Undefeated Since 1981


Friday Night Lights. Most of the student body is packed tight together on bleachers, screaming at the top of their lungs, as some of their fiercest classmates are ready for a gridiron battle unlike any other in sport. High school football can be a riveting and unifying experience for a school, but, unfortunately, it’s some- thing that students at Durham Academy will likely never get to experience. 

The last time a football was officially snapped on DA’s campus was over thirty-five years ago. At this time, E.T. the Extra Terrestrial was the top hit in theaters, Michael Jordan still donned Carolina Blue, and Robert Hallyburton, father of Scott (‘18), was the quarterback for your Cavaliers. 

Before then, things were looking up for DA Football. The school had recently hired a successful Athletic Director/Football Coach from New Orleans who looked to make the program a competitive one. This would prove short lived, however, as DA’s lack of size on the offensive and defensive lines killed their chances of contending at a high level.  

Mr. Murray, who recalls the glory days of DA Football, said that the quarterback “spent a lot of time running for his life throughout the season.” The Cavaliers simply did not have the size to compete, and a few games into that 1982 campaign, there were less than fifteen healthy DA players.


The rest of the season had to be called off from there, and Durham Academy never brought back the football program, bringing forth a plethora of DA Football merchandise that reads “Undefeated since 1982.” So could Durham Academy ever trot out a football team ever again? It would have to start with bringing in bigger athletes into the school, or as Mr. Murray describes it, “meat on the hoof.”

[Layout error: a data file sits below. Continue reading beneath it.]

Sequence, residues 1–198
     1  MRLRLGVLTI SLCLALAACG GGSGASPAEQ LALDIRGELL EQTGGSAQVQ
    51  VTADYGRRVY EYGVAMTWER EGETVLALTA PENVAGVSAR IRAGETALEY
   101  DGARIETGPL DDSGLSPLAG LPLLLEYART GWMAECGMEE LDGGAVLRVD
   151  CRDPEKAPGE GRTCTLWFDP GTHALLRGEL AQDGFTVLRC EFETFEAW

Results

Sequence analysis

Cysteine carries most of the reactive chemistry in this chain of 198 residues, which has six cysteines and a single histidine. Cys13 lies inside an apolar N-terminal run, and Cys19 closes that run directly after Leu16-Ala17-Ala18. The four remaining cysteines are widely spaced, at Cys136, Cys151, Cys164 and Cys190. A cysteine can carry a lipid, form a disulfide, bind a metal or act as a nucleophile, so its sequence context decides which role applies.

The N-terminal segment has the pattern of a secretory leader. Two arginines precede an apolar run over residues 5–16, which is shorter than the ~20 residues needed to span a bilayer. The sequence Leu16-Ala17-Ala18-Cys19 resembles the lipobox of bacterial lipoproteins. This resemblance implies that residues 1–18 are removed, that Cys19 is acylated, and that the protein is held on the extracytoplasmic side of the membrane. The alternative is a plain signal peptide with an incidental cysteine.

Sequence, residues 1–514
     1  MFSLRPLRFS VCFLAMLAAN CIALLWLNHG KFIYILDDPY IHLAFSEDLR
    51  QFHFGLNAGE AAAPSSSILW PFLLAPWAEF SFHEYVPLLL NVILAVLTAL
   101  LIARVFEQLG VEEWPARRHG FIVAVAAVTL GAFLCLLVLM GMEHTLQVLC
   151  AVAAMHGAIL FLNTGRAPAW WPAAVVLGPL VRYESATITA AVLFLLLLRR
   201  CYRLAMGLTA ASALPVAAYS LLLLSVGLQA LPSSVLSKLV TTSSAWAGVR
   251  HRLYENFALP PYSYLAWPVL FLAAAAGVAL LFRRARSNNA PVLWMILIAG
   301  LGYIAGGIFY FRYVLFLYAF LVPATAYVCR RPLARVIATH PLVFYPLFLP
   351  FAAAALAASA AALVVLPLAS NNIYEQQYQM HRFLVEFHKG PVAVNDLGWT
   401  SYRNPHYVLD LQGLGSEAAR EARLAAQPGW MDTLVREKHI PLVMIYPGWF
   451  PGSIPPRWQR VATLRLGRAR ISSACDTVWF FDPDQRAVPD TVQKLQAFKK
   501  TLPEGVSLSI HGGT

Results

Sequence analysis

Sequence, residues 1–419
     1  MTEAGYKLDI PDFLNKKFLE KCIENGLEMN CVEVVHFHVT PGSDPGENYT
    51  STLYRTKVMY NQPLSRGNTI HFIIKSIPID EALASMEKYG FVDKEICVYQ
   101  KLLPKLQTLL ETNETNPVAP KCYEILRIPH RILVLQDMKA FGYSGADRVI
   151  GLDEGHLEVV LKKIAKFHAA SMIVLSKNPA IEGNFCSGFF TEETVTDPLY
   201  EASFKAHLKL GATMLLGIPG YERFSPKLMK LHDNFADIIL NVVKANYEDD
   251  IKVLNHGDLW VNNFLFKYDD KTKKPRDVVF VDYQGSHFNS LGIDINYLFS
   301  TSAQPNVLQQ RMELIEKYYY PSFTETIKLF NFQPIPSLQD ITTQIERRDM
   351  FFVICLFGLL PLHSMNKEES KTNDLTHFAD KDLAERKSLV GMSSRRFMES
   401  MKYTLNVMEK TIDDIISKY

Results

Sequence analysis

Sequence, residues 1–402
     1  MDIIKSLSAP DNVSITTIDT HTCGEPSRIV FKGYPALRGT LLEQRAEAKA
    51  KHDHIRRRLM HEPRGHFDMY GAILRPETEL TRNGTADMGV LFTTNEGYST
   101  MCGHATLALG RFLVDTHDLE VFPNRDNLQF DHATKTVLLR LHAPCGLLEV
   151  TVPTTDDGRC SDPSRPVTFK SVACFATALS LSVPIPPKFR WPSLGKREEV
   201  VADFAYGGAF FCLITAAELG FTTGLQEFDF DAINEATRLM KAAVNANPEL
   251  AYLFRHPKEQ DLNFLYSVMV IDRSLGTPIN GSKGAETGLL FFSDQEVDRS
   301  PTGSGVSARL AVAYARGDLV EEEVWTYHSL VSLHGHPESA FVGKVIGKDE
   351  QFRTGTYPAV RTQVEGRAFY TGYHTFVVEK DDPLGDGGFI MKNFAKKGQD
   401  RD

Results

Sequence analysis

DA’s student body is filled with stereotypical skill players, who are usually around six feet tall, very quick, and work well with the ball in their hands. If more students who are over 210 pounds arrive on campus, then an offensive and defensive line could begin to form and DA could have a realistic shot at a football team.

Some may say that DA does not have enough athletes to field an entire roster, but there are many other schools in North Carolina with student bodies around the same size as DA’s that are able to form football teams. These schools include Christ School, Asheville School, and Wake Christian Academy. Not to mention, DA’s class sizes have been rising steadily from year to year, with this year’s senior class holding 102 students to the sophomores having 119.


It is also a possibility for DA to form an eight man football team, where teams play with eight players on the field instead of eleven. This alleviates some of the need for larger players, while still providing an action packed football game. There are two prominent eight-man leagues in the state, with one based around schools in Raleigh. The main issue with starting a football program, however, is health concerns. Recent studies regarding Chronic Traumatic Encephalopathy (CTE), a brain disease caused by repeated blows to the head and commonly found in football players, is sweeping the nation, and some wonder if football is safe enough for high school athletes anymore. 

Former players who develop CTE have symptoms of depression, voices in their head, memory loss, and aggression. Many players who are left with the disease decide to commit suicide in the end, which devastates families and friends. 

Mr. Murray understands that anything could happen, but when he weighed in on the possible future of DA Football, he stated, “I love football, but with the risks associated with injury, and the lack of guys in the trenches, it’s hard to imagine DA having a football team again in the near future.” 

So, would school administration risk the health of their students to bring back the football program? It’s unlikely, but that won’t keep the students from yearning about the possibility of Friday Night Lights.